From what I have read on vocabulary, the average person has a working spoken vocabulary of 4,000-6,000 words, while a college professor might employ some 12,000-15,000 words. This refers solely to the spoken vocabulary. As we all know, writing is not the same as speaking and often employs more careful thought... choice of more exacting or specific words... and a conscious effort to avoid repetition of the same word.

    Estimations for word recognition among adults vary greatly from a low-end of 30,000 to a high of 150,000+ with 60,000 to 75,000 being accepted as an average for a college graduate.

    Shakespeare's vocabulary was undoubtedly quite a bit larger than 25,000+ words as this is the number of different words he employed in his plays and poems. This number includes a large number of words coined by the poet himself, and at least some 2,000 different names of flowers. Racine, by way of contrast, employed barely 2,000 different words in all of his plays and only used the terms "flower" and "rose". A large vocabulary may denote a degree of intelligence... but not always.

    Most writers have excellent vocabularies, but the really good ones target their readers in the vocabulary. They don't want readers to be amazed by the range of the vocabulary. They do (w)ant readers to be comfortable with the verbiage.

    I'm not certain to what degree writers "target" the comfort zone of their reader's vocabulary. Most writers, it would seem, write for an audience that they imagine as being not unlike themselves. I doubt that Shakespeare or Proust or Joyce or Henry James set out to impress their readers with their vocabulary pyrotechnics. They simply loved words and word-play. By the same token, Racine and Hemingway were not setting out to make themselves accessible to a dumbed-down audience. Rather, they sought something of a "classical" simplicity, clarity, and lack of ornament and undoubtedly imagined an audience that sought the same.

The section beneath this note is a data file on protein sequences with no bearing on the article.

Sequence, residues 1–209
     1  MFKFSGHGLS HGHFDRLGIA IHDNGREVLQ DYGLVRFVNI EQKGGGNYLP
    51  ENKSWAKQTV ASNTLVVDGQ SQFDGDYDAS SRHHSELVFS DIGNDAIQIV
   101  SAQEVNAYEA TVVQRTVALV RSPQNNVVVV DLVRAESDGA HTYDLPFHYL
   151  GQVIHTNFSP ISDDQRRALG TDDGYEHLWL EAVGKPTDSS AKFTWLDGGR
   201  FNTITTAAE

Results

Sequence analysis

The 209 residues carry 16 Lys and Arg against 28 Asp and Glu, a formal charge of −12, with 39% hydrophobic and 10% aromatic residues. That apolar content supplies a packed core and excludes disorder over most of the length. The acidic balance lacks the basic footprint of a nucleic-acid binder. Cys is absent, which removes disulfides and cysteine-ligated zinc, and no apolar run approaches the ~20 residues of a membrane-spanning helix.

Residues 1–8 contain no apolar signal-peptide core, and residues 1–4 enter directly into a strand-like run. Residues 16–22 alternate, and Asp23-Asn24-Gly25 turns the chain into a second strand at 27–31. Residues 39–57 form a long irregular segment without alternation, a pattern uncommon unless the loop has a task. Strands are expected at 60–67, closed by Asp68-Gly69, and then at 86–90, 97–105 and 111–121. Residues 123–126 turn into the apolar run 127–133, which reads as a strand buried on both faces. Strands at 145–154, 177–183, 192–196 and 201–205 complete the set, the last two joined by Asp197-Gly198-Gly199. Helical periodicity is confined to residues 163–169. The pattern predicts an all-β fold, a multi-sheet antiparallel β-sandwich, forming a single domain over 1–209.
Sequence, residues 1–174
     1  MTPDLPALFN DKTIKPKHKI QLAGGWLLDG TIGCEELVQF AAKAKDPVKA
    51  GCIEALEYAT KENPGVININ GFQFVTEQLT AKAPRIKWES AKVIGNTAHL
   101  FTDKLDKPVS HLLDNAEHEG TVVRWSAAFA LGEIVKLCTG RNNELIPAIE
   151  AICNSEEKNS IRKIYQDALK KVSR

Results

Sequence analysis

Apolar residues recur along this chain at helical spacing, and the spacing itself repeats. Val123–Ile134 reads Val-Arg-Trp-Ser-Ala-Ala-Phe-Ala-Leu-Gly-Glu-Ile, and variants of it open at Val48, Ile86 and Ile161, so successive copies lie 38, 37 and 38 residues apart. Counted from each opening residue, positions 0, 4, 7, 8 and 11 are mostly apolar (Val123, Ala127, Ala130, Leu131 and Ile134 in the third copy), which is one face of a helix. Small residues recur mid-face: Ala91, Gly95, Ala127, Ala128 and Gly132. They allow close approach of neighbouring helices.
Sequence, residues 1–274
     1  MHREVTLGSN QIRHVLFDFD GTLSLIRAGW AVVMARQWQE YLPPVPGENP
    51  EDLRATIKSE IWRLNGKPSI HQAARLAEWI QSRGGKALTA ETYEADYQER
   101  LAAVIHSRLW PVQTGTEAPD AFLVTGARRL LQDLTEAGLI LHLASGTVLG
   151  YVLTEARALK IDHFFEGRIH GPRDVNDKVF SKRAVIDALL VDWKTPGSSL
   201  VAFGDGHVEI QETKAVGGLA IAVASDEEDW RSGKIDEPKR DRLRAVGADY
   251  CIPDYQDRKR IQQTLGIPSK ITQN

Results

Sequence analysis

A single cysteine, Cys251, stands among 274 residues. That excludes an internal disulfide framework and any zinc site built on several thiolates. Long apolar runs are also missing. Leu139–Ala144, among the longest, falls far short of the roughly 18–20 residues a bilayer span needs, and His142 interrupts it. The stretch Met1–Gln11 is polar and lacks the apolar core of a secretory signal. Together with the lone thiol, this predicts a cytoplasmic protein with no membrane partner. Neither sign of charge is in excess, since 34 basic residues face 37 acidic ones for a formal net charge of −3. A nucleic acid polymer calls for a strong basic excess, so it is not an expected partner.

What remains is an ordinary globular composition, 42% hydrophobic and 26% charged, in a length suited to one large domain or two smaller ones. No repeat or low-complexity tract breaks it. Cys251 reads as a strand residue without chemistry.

As the audience, we have the advantage of being able to appreciate either approach.
    Beware of the man with just one book. -Ovid
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    Voice of Chaos & Anarchy
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    Quote Originally Posted by hawthorns View Post
    Agreed. Precision is more impressive than the words. That's one thing I liked about Flaubert.
    Yes, one word is worth a thousand picures, if one uses the right word.